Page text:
Given the fact that MSP-1 Block 2 has been shown to play a role in the development of immunity [13], it is an important region of the protein for studying diversity and intragenic recombination. MSP1 Block 2 has been divided into three allele-specific families: K1, Mad20, and RO33. Alleles in K1 and Mad20 contain different numbers of unique, tripeptide repeats. K1 and Mad20 are the most diverse families in terms of the number of alleles identified using the fragment length polymorphism of Block 2. RO33 is monomorphic, lacking the tripeptide repeats observed in the other two families. Several studies have used MSP-1 Block 2-based PCR-genotyping to estimate the number of genetically distinct genotypes within an infection [1416]. One study suggested the presence of alleles in Block 2 that are recombinants between two different main families, but only PCR-based typing methods were used [17]. Another study that used parasite specimens from Mali also indicated an apparent Mad20 and RO33 recombinant using PCR amplification of MSP-1 Block 2 with Mad20 and RO33 primers [18]. One of the limitations of PCR-based genetic analysis is that it does not allow detection of novel sequences that may exist in natural populations. Even more important in the context of studies of intragenic recombination, PCR-based methods can detect false recombinants due to nonspecific amplification.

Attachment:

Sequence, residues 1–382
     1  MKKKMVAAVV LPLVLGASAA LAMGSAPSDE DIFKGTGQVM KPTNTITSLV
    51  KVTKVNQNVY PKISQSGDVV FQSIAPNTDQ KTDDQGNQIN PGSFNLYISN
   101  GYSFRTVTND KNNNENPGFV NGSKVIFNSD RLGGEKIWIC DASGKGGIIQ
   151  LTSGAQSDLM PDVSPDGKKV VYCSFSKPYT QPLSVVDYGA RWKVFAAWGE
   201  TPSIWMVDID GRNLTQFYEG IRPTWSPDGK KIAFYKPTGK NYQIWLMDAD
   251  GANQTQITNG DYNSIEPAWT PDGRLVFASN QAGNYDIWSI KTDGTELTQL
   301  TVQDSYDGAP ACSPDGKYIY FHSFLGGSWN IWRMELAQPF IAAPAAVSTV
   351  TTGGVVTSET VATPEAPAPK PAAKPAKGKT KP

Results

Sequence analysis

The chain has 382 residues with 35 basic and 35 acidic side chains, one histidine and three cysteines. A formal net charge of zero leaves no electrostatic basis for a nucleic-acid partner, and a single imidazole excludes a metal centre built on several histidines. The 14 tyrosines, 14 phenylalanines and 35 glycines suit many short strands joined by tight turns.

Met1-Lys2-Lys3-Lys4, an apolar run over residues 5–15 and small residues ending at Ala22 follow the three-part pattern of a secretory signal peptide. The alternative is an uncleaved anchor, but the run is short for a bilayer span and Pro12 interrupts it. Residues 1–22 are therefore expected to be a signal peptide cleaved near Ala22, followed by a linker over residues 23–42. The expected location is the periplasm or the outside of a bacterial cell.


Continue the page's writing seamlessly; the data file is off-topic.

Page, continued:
Direct evidence of intragenic recombination in the MSP-1 gene of malaria parasites was provided by laboratory cross studies [12]. Studies of recombination in MSP-1 have largely focused on regions other than Block 2 [9,12,1922]. Four studies have included MSP-1 Block 2 in the regions analyzed [14,2325]. Studies on the pattern of linkage disequilibrium among polymorphic sites suggested a high recombination rate in MSP-1 [23,24]. However, this kind of analysis does not address the issue of convergent mutations due to selection versus intragenic recombination in malarial vaccine antigens [7].